Their joint letter got this under way and it was originally blocked because the legal people didn’t want to get involved before any formal approach from the UK. But then it was forced through committee by Tories and Lib Dems and Socialists so there are grounds to be suspicious that they think they will get a negative ruling to suit their argument against their own country.

We know from experience that the Unionist MEPs have no love of their own country being a force in Europe – our number of MEPs would actually increase – and they have studiously avoided anything that could be construed as constructive, democratic engagement with our  national referendum, preferring to play the supplicant role to Cameron’s British state interests.

The forces of authority are lining up against Scotland as once they did against devolution so courage and nerve is required. But I’ll tell you one thing that is now clear – the only way to earn respect in the world is to be a sovereign state in your own right because without that status you count for nothing, as Osborne and Barroso make abundantly clear. The only status they respect is independence otherwise they treat you like trash.

Courtesy of Derek Bateman


# Abulhaq 2014-02-17 09:12
Scotland’s constitutional situation is unique. There are no precedents for an old unitary state such as the United Kingdom, established by treaty, however defective, separating into its original constituent elements. The characteristics of the models available from the 19th and 20th centuries bear no resemblance to our case. The Scottish and Westminster governments are stepping into new constitutional territory. There will be legal/ constitutional opinions by the bucketload. The Barroso opinion carries no more weight than that. We need to get very tough with this unprofessional, off-the-cuff brand of internal interference from the likes of Senhor Barroso.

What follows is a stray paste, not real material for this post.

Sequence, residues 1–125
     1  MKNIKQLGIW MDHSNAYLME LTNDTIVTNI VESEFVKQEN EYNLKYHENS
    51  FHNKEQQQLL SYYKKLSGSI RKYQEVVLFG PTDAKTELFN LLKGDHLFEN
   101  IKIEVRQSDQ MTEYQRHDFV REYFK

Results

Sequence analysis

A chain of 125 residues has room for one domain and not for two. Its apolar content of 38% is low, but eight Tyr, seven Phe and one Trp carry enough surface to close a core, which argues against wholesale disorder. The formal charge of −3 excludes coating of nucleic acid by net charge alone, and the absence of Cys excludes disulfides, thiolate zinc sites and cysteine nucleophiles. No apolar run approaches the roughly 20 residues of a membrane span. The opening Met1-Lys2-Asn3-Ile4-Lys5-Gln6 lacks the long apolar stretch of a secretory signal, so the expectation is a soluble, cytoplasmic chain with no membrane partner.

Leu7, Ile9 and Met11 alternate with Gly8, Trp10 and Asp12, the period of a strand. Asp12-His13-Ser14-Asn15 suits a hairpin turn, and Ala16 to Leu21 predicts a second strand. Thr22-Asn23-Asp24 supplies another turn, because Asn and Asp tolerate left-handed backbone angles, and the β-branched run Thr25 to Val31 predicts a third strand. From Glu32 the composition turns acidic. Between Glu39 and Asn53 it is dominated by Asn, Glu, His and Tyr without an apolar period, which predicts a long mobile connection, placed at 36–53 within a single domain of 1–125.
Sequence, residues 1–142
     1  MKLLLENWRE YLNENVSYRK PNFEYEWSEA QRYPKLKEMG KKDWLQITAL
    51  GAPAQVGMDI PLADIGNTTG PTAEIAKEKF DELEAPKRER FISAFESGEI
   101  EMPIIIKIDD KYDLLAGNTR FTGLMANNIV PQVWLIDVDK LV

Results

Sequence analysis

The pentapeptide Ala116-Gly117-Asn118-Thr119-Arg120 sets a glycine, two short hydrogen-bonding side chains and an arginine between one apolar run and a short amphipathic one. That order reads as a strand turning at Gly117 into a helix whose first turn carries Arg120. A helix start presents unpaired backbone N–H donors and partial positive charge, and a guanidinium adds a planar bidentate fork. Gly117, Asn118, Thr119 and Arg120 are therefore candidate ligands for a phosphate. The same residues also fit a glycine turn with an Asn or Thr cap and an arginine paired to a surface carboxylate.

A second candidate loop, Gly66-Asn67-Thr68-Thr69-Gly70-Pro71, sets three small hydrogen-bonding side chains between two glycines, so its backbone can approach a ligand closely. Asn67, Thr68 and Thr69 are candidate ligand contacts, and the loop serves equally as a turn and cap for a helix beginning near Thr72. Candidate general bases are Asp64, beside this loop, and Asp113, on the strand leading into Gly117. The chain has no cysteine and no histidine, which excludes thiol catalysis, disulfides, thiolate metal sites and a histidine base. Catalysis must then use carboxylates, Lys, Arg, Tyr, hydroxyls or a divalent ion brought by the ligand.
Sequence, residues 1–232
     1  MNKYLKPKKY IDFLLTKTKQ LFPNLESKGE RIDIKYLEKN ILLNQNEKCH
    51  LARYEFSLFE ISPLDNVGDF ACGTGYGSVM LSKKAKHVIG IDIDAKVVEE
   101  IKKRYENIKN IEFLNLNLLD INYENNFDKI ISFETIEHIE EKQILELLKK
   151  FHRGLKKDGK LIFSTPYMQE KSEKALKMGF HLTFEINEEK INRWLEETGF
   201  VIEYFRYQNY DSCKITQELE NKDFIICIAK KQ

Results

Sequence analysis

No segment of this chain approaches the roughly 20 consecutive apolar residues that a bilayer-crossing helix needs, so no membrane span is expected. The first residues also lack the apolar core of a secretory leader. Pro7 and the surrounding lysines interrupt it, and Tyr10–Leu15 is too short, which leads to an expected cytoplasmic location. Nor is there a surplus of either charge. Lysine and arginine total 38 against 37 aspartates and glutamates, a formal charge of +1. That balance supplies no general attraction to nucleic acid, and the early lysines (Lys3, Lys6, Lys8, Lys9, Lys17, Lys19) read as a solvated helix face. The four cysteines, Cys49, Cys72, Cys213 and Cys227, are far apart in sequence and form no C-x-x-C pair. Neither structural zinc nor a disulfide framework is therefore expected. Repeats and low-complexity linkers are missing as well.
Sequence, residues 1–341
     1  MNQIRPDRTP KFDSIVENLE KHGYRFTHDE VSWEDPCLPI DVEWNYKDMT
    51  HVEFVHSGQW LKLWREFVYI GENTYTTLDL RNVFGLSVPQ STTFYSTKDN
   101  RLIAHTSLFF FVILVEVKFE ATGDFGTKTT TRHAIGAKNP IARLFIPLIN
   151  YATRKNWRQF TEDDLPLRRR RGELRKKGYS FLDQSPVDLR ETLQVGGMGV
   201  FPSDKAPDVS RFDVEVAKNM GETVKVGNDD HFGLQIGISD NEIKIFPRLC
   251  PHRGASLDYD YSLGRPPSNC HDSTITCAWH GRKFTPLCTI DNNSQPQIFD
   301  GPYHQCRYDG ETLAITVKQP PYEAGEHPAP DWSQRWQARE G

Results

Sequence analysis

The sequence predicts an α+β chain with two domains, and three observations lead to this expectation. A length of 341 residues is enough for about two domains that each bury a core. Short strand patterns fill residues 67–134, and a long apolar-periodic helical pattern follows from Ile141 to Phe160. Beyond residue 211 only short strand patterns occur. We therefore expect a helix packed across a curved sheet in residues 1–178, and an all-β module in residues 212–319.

# Breeks 2014-02-17 09:52
What I increasingly resent is the implicit assertion that such a small and dare I say it trivial issue is presented as persuasive evidence against voting YES.

Neither the BBC nor Better Together can compile any cohesive arguments even to contest 90% of the pro independence case, and so we get undue focus on the grey 10% that’s left, and disproportionat  e soul searching on obscure and potentially awkward minutiae, which are of relevance to nobody but the BBC.

David Attenborough doesn’t study an elephant by examining its ticks, but that is how the BBC is addressing independence.
# goldenayr 2014-02-17 12:33
LOVE the elephant analogy.
Perhaps we should use the it to describe the bbc and the wider british establishment,i  .e.

You can only truly recognise an entity by the parasites that feed off it.
# Montrose 2014-02-17 13:20
Andrew Marr at his best. Don’t tell me all this isn’t stage managed. Anyone else would have questioned the “impossible” comment,but he was too busy enjoying the moment.
# Will 2014-02-18 16:23
Breeks, if the currency is such a trivial matter, how do you explain the fact that Sturgeon, Swinney & Salmond all felt obliged to make speeches defending the SNP ‘position’ (or lack of one)?
# Breeks 2014-02-18 18:00
Because a currency union is the best option for both, & that’s why they commend it.

For my part, I agree, but from day 1, our respective economies are going to start to diverge, & at some stage a currency union will no longer make the same sense, at which point Scotland can complete it’s independence with minimal pain suffered upon either economy.
By ruling out a currency union, Westminster makes such a smooth and painless transition less likely, and considering the rUK’s debt, that seems pretty short sighted. A minor tweak in interest rates, and the rUK is in big trouble.

I don’t believe the SNP has no position nor suitable Plan B. In fact they are sure to have plans C,D,E and F too.

If the SNP has been wrong footed at all, and I’m not convinced it has, but it’s perhaps because they didn’t bank on rUK being so happy to compromise their own best interests just to make a point which Alex Salmond can sidestep in a heartbeat.
# Breeks 2014-02-18 18:25
The trivial issue I was referring to was Barroso’s intervention. Europe is at great pains not to comment unless asked to do so by a sovereign government. Mr Barroso seems free to ignore such constraints.